The decretal part of the order then provided for $6000 distribution to plaintiff and $27,926.50 to defendant. The net effect of this was to give defendant all of her net 40 percent but to arbitrarily withhold $9537.18 of plaintiff's 60 percent. This, of course, is in addition to the $12,000 trust withheld and $9258.98 improperly paid to the bank. The only justification in the record for such action is paragraph 4 of the referees' report where reference is made to "claims as between the parties". This was wholly insufficient as a predicate for the arbitrary withholding of over $9500.
The court apparently took judicial notice of the divorce proceedings in the same court between the same parties and in effect attached the $9500 without benefit of auxiliary proceedings. This too was beyond the jurisdiction of the court. First, there was insufficient indication in the pleadings or reports as to how much additional, if any, of plaintiff's share was to be held up and sequestered. Second, the trial court cannot take judicial notice of proceedings in a related but wholly different case. Hawkeye-Security Insurance Co. v. Ford Motor Co., 174 N.W.2d 672, 684 (Iowa 1970). The only exception to this rule seems to be in habeas corpus proceedings involving criminal matters. Harms v. Bennett, 256 Iowa 1320, 1323, 130 N.W.2d *293 734 (1964). The necessity for such a rule is indicated here. In this de novo review we have no way of knowing what has transpired in the divorce case. We cannot pass judgment on facts or factors known to the trial court but absent the record.
If defendant wished to inject the divorce action into the record or to avail herself of either attachment or garnishment proceeding, she was free to do so at the proper time. Hopping v. Hopping, 233 Iowa 993, 1004, 10 N.W.2d 87 (1943). The trial court could not take such action without notice on its own motion. Plaintiff was entitled to all of his unencumbered net share. Cf. Peterson v. Younker, 219 Iowa 32, 257 N.W. 442; Swift v. Flynn, 145 Iowa 630, 634, 124 N.W. 626 (1910). The withholding of $9537.18 of plaintiff's funds, while paying defendant, in full, was unwarranted and must be reversed.
IV. Plaintiff also complains of the bond reduction to $6000. This can be corrected on remand. While there was need to reduce the bond from the large amount required by the $90,000 sale, the reduction was well below the amount left in the referees' hands. The result was an inadequate bond. The point needs no further comment.
V. Defendant's motion to dismiss has occasioned us real difficulty. The complexities and perplexities generated by determination of what is a "final order" and what is merely "interlocutory" are considered at length in the comment on rule 331, R.C.P., found at 5 Iowa Rules of Civil Procedure Annotated, pages 2 to 6.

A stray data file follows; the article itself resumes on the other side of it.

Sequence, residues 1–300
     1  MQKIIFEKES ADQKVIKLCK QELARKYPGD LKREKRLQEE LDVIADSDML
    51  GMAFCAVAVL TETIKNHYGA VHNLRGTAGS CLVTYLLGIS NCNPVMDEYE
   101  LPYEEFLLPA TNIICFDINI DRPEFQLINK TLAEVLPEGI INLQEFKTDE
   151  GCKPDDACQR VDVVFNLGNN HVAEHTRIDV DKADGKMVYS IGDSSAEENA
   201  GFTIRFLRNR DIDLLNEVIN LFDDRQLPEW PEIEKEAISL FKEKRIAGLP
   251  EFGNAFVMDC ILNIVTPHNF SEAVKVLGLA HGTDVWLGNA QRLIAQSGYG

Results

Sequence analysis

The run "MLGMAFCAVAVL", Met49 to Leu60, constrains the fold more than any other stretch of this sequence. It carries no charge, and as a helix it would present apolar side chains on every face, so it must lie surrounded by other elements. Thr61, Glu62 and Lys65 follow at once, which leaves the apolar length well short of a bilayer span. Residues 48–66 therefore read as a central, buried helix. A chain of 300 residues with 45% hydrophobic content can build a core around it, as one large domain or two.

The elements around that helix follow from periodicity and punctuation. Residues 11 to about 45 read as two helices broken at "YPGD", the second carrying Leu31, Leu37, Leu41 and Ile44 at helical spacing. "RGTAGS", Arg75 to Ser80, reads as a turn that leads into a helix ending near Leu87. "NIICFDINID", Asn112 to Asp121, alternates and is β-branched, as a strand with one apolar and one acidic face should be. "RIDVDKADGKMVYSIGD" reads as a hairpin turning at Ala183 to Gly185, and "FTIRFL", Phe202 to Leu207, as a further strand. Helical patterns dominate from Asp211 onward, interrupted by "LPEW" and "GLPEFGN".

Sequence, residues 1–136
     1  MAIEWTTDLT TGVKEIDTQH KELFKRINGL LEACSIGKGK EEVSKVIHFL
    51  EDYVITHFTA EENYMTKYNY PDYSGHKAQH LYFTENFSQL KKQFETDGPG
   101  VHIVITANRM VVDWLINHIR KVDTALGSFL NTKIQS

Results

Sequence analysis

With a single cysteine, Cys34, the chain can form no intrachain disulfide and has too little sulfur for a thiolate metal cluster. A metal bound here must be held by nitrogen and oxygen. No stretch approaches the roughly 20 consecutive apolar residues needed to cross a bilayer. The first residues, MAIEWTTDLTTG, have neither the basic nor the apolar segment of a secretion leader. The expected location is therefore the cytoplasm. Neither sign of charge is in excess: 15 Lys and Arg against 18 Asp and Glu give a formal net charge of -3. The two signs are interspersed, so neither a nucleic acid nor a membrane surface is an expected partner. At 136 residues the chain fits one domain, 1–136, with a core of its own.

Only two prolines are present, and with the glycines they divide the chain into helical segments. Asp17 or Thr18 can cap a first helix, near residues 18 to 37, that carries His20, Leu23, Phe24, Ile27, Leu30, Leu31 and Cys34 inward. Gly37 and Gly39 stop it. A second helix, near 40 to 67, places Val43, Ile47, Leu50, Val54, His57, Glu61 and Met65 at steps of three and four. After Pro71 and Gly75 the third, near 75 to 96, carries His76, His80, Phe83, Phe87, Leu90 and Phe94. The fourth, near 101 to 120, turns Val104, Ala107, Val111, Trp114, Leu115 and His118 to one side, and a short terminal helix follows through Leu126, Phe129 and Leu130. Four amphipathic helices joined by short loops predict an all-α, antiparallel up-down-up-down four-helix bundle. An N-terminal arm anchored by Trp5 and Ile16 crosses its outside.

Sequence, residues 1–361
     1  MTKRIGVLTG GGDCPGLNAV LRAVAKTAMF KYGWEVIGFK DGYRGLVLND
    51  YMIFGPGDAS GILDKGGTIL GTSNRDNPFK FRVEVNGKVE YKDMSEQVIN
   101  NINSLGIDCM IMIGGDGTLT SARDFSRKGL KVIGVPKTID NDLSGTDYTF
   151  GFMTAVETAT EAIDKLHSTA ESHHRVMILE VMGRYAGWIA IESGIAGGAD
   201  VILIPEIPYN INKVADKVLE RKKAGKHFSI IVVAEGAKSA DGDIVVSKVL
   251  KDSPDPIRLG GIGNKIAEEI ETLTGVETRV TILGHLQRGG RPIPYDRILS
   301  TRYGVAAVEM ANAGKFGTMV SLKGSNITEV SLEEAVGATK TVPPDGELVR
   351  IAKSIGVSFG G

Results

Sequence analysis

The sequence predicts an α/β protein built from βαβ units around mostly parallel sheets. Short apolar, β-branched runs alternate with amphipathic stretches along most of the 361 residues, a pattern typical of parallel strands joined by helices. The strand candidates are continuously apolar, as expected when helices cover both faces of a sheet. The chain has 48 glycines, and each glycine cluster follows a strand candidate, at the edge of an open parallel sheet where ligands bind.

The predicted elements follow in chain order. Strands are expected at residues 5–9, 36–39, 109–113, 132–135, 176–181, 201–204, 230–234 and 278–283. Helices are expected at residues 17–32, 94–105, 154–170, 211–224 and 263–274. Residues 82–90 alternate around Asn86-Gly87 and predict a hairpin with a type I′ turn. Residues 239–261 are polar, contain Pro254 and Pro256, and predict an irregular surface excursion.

The same case can and often does contain more than one final order. Iowa Public Service Co. v. Sioux City, 254 Iowa 22, 28, 116 N.W.2d 466, 469, states:"`Therefore, there may be and often are * * * two final decrees in the same cause, the one settling the substantial merits of the case, and the other based upon further necessary proceedings, from each of which an appeal will lie.' 4 C.J.S. Appeal and Error (1957) § 101, page 283."
Thus in the instant partition action a decree confirming shares allowed is final and appealable, Enslow v. Miner, 228 Iowa 1117, 293 N.W. 516. Yet at least one more final decreeof distributionis obviously contemplated. The situation also may occur within the same order. Thus there are many exceptions to the general rule that an order is not final for appellate purposes unless it terminates the litigation and settles all of the issues as between the parties. Reuter v. City of Oskaloosa, 253 Iowa 768, 772, 113 N.W.2d 716. Finality as to particular parties or as to particular issues gives us a narrower test: i.e., a final order is a determination which puts "it beyond the power of the court which made it to place the parties in their original positions". Crowe v. De Soto Consolidated School Dist., 246 Iowa 38, 40, 66 N.W.2d 859, 860 (1954). In this case the order to pay a large part of plaintiff's funds to the bank would put the payment beyond the power of the court to restore the parties to their original position (at least absent a new lawsuit). Criswell v. Criswell, 235 Iowa 18, 16 N.W.2d 4. We therefore regard that portion of the order as final and appealable as a matter of right.